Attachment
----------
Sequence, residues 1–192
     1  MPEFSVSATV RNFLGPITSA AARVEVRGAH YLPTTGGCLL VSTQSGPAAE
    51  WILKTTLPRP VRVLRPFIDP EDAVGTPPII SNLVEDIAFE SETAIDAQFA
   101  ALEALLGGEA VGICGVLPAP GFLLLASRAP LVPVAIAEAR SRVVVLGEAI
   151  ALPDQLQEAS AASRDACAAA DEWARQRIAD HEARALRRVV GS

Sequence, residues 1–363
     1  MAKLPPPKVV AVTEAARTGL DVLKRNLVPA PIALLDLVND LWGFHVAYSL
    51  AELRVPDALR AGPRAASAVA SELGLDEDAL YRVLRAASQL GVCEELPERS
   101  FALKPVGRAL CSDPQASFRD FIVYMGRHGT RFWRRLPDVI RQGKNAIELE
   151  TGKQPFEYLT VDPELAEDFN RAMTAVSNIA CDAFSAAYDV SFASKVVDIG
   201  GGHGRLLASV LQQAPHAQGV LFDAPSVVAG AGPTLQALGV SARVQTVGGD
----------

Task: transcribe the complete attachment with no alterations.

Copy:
Sequence, residues 1–192
     1  MPEFSVSATV RNFLGPITSA AARVEVRGAH YLPTTGGCLL VSTQSGPAAE
    51  WILKTTLPRP VRVLRPFIDP EDAVGTPPII SNLVEDIAFE SETAIDAQFA
   101  ALEALLGGEA VGICGVLPAP GFLLLASRAP LVPVAIAEAR SRVVVLGEAI
   151  ALPDQLQEAS AASRDACAAA DEWARQRIAD HEARALRRVV GS

Sequence, residues 1–363
     1  MAKLPPPKVV AVTEAARTGL DVLKRNLVPA PIALLDLVND LWGFHVAYSL
    51  AELRVPDALR AGPRAASAVA SELGLDEDAL YRVLRAASQL GVCEELPERS
   101  FALKPVGRAL CSDPQASFRD FIVYMGRHGT RFWRRLPDVI RQGKNAIELE
   151  TGKQPFEYLT VDPELAEDFN RAMTAVSNIA CDAFSAAYDV SFASKVVDIG
   201  GGHGRLLASV LQQAPHAQGV LFDAPSVVAG AGPTLQALGV SARVQTVGGD